- THE 8 REASONS WHY OAXACA, MEXICO IS AWESOME
- OAXACA’S ALL-YOU-CAN-DRINK MEZCAL FESTIVAL IS AS CRAZY AS YOU’D EXPECT
- THE “HIGH LANDS” ACROSS THE WORLD – A GUIDE TO INTERNATIONAL DRUG TOURISM
Best Time To Visit Mexico City
Average Monthly Minimum And Maximum Temperatures
Average Monthly Hours Of Sunshine
Average Monthly Rainfall Or Snowfall
Mexico City Travel Blog: Personal Notes
What’s This Place About?
Mexico City is the largest city in the Americas, and is an important city for Latin America. The food, which is unique, wonderful, and celebrated, is in and of itself is a reason to visit.
There are many beautiful museums in the city. There are certain neighborhoods that are quite distinctive and just walking through them is an experience. The people are absolutely warm and welcoming.
Unfortunately, it is a city of great poverty and everything that goes along with that is present there.
Mexico City Travel Blog – What’s Great and Fun?
The food, the food, the food! Try everything everywhere. It is an incredible city in which to discover eating. The markets are spectacular. It is a gigantic metropolis that has everything you can imagine.
The historic center of the city is where you find most tourists and places where to stay in Mexico City and where a lot of business is being conducted. There is the hip neighborhood of Roma, the rich area of Coyoacan, and the canals of Xochimilco. It is a city that can be explored pretty much forever.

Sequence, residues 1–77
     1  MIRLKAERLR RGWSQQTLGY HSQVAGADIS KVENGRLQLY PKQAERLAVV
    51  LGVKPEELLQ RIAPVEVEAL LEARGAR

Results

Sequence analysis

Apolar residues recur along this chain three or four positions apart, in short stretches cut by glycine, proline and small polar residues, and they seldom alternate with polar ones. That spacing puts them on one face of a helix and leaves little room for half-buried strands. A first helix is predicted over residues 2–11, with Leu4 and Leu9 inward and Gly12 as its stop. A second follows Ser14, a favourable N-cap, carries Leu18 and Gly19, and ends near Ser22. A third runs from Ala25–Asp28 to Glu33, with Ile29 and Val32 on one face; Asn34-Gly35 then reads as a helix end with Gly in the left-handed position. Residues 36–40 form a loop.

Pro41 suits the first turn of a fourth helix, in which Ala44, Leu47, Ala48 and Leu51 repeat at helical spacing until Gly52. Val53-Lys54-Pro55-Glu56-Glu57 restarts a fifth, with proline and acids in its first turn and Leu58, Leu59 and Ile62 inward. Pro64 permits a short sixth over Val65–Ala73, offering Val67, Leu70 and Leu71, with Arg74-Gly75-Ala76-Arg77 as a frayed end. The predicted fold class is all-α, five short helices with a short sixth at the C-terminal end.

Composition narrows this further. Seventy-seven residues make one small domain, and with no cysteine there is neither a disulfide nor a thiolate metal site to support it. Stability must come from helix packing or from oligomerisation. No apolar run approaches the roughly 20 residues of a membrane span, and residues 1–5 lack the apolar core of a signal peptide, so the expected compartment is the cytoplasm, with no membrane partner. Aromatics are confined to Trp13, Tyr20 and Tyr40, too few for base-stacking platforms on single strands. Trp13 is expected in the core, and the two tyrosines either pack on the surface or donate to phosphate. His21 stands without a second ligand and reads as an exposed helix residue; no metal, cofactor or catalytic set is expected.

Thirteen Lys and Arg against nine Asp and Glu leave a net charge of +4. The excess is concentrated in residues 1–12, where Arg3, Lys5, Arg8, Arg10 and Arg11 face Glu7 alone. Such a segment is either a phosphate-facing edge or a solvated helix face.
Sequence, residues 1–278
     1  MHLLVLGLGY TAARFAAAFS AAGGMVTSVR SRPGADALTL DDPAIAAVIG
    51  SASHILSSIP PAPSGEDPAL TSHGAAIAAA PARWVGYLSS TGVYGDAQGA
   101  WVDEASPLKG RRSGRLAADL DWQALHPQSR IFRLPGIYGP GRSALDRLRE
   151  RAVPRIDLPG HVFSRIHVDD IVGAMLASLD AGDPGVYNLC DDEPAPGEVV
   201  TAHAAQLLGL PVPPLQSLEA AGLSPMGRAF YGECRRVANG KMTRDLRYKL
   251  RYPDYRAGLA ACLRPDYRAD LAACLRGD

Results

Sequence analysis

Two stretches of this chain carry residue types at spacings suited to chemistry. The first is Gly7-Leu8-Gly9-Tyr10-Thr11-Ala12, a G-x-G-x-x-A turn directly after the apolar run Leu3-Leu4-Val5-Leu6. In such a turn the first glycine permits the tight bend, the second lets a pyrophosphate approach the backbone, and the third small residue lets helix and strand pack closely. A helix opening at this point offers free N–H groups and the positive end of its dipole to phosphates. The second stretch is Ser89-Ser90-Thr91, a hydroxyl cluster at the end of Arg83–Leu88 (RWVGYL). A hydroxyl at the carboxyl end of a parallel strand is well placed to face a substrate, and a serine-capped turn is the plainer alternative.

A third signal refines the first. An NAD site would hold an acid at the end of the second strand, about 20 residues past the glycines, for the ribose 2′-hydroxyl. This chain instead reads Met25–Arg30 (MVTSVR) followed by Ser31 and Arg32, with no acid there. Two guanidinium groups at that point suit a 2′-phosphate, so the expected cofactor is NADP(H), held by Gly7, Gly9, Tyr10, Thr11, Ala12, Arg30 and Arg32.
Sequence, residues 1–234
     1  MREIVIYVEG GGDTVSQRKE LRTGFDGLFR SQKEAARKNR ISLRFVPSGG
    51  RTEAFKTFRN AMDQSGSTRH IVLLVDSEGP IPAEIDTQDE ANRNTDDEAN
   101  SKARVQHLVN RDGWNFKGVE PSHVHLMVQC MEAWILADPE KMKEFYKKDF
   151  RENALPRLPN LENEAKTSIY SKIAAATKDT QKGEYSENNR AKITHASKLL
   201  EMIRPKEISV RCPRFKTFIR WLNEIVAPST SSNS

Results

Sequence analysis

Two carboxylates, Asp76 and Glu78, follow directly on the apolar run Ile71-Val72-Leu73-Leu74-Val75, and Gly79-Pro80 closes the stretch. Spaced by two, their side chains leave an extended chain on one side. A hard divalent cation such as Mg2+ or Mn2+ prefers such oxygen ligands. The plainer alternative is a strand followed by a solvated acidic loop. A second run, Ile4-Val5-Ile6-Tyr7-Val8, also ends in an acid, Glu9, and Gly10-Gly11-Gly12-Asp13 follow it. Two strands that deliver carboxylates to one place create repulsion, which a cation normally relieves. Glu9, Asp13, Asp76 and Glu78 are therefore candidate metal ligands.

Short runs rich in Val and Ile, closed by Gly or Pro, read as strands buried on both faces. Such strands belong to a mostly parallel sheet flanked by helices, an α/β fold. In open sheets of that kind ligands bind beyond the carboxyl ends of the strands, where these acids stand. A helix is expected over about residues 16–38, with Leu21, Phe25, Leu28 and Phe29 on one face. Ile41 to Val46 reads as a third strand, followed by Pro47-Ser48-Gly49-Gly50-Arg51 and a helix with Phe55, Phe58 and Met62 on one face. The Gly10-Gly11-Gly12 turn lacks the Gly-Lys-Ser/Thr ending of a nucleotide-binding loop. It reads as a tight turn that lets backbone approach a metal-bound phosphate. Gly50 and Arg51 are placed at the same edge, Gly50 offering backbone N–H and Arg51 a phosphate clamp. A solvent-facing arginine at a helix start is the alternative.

Lucha, the most popular type of wrestling in the world, originated in Mexico City before coming to the US.
I wrote a complete blog post about a personal experience in Mexico City. It’s called Travel Horror Story: That Time When I Was Kidnapped By The Police In Mexico City. Evocative, right?
Mexico City Travel Blog: Mexico City Travel Blog – 320–33
Mexico is a gigantic sprawl. Rush-hour traffic is intense. Pick your neighborhood where to stay in Mexico City wisely. I prefer Roma-Condesa or Centro Historico.
There are a few very good hostels where to stay in Mexico City, but most are quite expensive if you compare with the rest of the country.
Condesa’s days begin with beautiful people streaming through parks and designer boutiques, chic hotels where to stay in Mexico City are also found in this area, options include: Hotel Villa Condensa, Casa Malí by Dominion Boutique Hotel and Maria Condesa. If you want a really cool tip on Mexico city travel blog – 320–33, pick this.
In Centro Historico you can find really amazing hotels where to stay in Mexico City, Chaya B&B Boutique, Gran Hotel Ciudad de Mexico and Hotel Zocalo Central are great places to have an luxurious accommodation. This is perhaps the best answer to the question of Mexico city travel blog – 320–33.
Anys Hostal is the best-rated hostel where to stay in Mexico. But for the price of a dorm bed at this hostel, you can get a single room in a hotel.